Romig v. Gillett
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187 U.S. 111 (1902)
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U.S. Supreme Court
Romig v. Gillett, 187 U.S. 111 (1902)
Romig v. Gillett
Argued October 20-21, 1902
Decided November 17, 1902
187 U.S. 111
APPEAL FROM THE SUPREME COURT
OF THE TERRITORY OF OKLAHOMA
Under §§ 3950, 3951 and 3955 of the statutes of Oklahoma, where a judgment of foreclosure and sale of land in Oklahoma Territory is based upon service of the summons by publication, the facts tending to show the exercise of due diligence in attempting to serve the defendant within the territory must be disclosed in the affidavit on which the order for service by publication is based.
But where a publication has been made, approved by the court and a decree entered thereon, and the mortgagee put in possession thereunder, the mortgage not having been paid, and the mortgagee has improved the
property, § 4498 of the statutes of Oklahoma will protect the mortgagee in possession, and equitable principles must control the measure of relief to which the defendant is entitled, and while she will be given the right to appear, plead, and make such defense as under the facts and principles of equity she is entitled to, the possession of the mortgagee will not be disturbed in advance of such defense.
A mortgagee who enters into possession not forcibly but peacefully and under the authority of a foreclosure proceeding cannot be dispossessed by the mortgagor or one claiming under him so long as the mortgage remains unpaid (following Bryan v. Brasius, 162 U. S. 414).
On February 2, 1895, Don A. Gillett made and delivered to John Romig a note for seven hundred dollars, secured by a mortgage on eighty acres in Garfield County, Oklahoma. On February 6, 1895, the mortgagor sold and conveyed the real estate to Myrtle Gillett. On March 11, 1896, the mortgagee, Romig, commenced an action of foreclosure in the district court of that county against Don A. Gillett and Myrtle Gillett. In the petition, Myrtle Gillett was alleged to have some interest in the real estate, but junior and subsequent to plaintiff's mortgage. A summons was issued and returned not served, the sheriff certifying that the defendants were not found in Garfield county. On June 2, plaintiff filed an affidavit for publication, which affidavit disclosed fully the nature of the action and the relief sought, and added:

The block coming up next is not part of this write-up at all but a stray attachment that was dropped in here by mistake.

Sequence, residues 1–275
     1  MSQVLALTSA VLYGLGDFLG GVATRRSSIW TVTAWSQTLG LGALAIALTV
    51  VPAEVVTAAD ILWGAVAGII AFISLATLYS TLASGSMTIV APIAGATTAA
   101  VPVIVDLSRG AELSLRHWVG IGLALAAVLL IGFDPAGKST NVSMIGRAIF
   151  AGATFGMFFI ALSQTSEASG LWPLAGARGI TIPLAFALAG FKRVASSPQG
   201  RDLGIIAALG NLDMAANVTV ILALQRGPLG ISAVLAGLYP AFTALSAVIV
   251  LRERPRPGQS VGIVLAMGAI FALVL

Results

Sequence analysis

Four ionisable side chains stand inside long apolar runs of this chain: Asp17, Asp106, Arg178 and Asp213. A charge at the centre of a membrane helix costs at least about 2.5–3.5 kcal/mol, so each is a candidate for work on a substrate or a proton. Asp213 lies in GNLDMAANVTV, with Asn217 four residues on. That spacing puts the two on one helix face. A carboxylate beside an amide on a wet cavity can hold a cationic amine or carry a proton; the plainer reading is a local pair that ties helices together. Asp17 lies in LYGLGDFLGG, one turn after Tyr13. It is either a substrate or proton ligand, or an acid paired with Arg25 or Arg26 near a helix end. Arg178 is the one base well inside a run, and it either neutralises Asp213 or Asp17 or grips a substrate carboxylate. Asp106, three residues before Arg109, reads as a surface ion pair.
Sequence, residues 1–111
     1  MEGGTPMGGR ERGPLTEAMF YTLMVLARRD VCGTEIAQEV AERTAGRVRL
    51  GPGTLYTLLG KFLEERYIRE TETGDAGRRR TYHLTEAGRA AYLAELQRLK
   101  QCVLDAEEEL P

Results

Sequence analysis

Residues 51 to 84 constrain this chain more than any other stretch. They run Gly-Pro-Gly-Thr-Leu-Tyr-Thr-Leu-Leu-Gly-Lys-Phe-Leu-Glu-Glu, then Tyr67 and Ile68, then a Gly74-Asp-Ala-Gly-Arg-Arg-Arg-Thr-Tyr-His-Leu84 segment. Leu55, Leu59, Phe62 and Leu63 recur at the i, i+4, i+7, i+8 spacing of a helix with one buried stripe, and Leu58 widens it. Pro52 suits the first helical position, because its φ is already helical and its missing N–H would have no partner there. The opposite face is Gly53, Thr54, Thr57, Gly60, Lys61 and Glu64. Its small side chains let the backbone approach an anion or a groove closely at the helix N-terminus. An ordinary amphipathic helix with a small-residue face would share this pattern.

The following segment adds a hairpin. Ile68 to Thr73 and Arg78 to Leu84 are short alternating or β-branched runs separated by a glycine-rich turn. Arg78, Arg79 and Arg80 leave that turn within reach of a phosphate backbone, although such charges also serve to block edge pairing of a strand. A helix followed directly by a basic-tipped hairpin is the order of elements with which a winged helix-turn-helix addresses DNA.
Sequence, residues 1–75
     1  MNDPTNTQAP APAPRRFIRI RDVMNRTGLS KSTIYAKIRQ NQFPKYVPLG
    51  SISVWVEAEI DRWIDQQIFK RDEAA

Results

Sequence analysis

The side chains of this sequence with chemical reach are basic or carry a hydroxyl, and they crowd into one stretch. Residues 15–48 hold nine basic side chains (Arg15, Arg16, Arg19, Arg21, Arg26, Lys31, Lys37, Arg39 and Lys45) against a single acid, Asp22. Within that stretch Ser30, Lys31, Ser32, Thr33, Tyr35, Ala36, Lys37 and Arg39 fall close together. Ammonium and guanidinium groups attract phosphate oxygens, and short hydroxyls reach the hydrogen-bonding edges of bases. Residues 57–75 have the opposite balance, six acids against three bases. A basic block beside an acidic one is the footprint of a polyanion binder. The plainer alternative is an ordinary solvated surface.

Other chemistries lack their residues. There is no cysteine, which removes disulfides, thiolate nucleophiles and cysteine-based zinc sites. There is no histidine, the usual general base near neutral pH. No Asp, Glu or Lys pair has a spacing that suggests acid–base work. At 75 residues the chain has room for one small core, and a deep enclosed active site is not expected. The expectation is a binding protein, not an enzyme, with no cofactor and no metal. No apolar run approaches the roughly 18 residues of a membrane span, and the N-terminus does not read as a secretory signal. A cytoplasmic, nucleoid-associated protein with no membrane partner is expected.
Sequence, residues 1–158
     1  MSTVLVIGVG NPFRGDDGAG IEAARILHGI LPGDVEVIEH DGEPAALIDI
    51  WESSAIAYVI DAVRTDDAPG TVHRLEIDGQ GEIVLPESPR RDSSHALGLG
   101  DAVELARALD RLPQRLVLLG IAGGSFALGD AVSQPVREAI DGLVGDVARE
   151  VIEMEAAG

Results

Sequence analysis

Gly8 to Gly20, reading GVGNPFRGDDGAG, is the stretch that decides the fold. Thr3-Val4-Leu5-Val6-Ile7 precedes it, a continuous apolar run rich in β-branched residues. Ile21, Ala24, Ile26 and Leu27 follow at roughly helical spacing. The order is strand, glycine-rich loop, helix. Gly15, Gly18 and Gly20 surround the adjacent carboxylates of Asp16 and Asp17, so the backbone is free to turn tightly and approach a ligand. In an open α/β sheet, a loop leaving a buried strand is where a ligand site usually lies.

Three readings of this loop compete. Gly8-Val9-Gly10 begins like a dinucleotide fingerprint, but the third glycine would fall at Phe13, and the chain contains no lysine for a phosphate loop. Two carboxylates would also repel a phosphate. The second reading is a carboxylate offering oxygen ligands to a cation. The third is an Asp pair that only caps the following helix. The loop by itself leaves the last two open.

"Affiant further says that he is unable, and that the plaintiff is unable by using due diligence, to obtain service of summons on the said defendants within the Territory of Oklahoma."
"Affiant further states that, on the __ day of March, 1896, he caused a summons to be issued in said cause for said defendants, directed to the Sheriff of Garfield County, Oklahoma Territory. Sheriff made return, 'Defendants not found in my county.'"
"Affiant further states upon information and belief that the said defendants Don A. Gillett and Myrtle Gillett are nonresidents of the Territory of Oklahoma, and that service of summons cannot be made on the said defendants Don A. Gillett and Myrtle Gillett within the said Territory of Oklahoma, and that said plaintiff wishes to obtain service upon said defendants by publication, and further, affiant sayeth not. "
Publication was made and proof thereof filed as required by the statutes. On December 18, 1896, a judgment of foreclosure was entered against both defendants, and a sale of the real estate ordered. An order of sale was issued on January 20, 1897. A sale was made to the plaintiff and confirmed by the court March 1, 1897, and an order entered directing the sheriff to execute a deed to the purchaser and put him in possession. A deed was accordingly made, and the plaintiff put in possession on March 9, 1897. Thereafter, Daniel W. Harding purchased the property from the plaintiff Romig, received a deed therefor and entered into possession on March 10, 1897. He improved the property, which up to that time was unimproved prairie land, by the erection of three residences and other permanent structures of the value of $2,000, paid taxes to the amount of $200, and has ever since resided thereon.